Search engine optimization (SEO) is an industry standard when it comes to all things internet related. It is that extra piece of ingredient that you need to improve company visibility on the web. Extra caution is taken on SEO development as it can be pretty dicey sometimes. The SEO ecosystem is continuously evolving and taking new shapes and forms. Web crawlers upgrade their capacity to sniff out relevant results for queries. This progressive space makes it necessary to properly understand the inner workings of the Google search engine.

For the sake of companies that put up job listings regularly, Google has decided to do you a solid by releasing a search tool called “Google for jobs.”

What is this “Google for jobs” that you speak of?

The Problem with SEO is that Google continues to add new features and upgrades which in turn overhauls existing SEO priorities so in order to keep your website visible and highly prioritized you would need to also re-strategize every now and then.

Google for jobs was released in 2017 as a search tool that enables you to enhance the visibility of your job listing with method s that provides stronger algorithms that prioritizes your website.

When a job seeker goes online to search for specific jobs which may relate to an opening in your organization, the keywords provided by the Google for jobs search tool creates a filter based on the specificity of the job position, this makes it easy for people to find these job openings and apply. Best of all, you would get the best candidates through this method.

The tool makes it extremely easy for users to filter jobs based on specifics. The only limitation, for now, is that you cannot directly apply to any particular job on this channel, you will only get redirected to platforms where these jobs were originally posted, and if you already have a registered account with these websites you can go ahead and apply using your pre-saved information.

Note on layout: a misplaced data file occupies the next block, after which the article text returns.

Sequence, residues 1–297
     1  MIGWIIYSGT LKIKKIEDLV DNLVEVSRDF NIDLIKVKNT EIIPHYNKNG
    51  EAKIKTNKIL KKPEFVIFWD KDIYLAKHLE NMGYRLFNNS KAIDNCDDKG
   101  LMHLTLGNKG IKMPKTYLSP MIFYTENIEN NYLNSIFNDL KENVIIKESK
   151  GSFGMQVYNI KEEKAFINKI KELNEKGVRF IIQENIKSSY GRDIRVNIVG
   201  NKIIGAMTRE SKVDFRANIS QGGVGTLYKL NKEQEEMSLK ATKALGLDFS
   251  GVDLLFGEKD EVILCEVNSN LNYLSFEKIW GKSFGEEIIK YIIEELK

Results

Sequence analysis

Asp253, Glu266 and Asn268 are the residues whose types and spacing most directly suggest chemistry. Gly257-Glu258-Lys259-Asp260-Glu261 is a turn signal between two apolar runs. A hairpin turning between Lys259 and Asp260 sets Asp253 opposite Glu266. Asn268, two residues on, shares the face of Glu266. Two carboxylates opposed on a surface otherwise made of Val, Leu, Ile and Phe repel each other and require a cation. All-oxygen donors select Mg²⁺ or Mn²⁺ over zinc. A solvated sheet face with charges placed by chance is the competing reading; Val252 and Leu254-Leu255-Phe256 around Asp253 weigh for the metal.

Now the big question, how can organizations use this app to optimize job listings?

How to Optimize Job Listings

There are search conducts automated by Google, used to maximize SEO Keywords. The first step in using this tool is to ensure that website isn’t protected by robots, Meta tags, and other neutralizers, in order to allow Google bots to effectively crawl your website.

The second most important thing is to make sure that you include all the relevant details pertaining to the job. Google for jobs requires specific details in order to boost Job listing; this info includes the following;

  • Company Name
  • Job title
  • Specific job description
  • Location of Job
  • Posting date
  • The expiration date of job post
  • Standard company Logo

This information is necessary to gain priority. You could even level up on your specifications by including additional details like;

  • Expected Salary range
  • Employment type – full time, Contract, part-time, or remote
  • The tracking number for this job position.

Helpful Tips

This may come as a surprise but company reviews also affect your Google ratings. If you have a good number of poor reviews, it can create quite a problem for your visibility.



Until now, you should have probably read about the first part of this list with five absolutely ridiculous Web design practices developers and site owners pursue thinking it will bring benefit to their website. There are few more things you need to learn to make a website that is user-friendly and sustainable. Some of these tips can also save websites from Google penalties.

Multi-page articles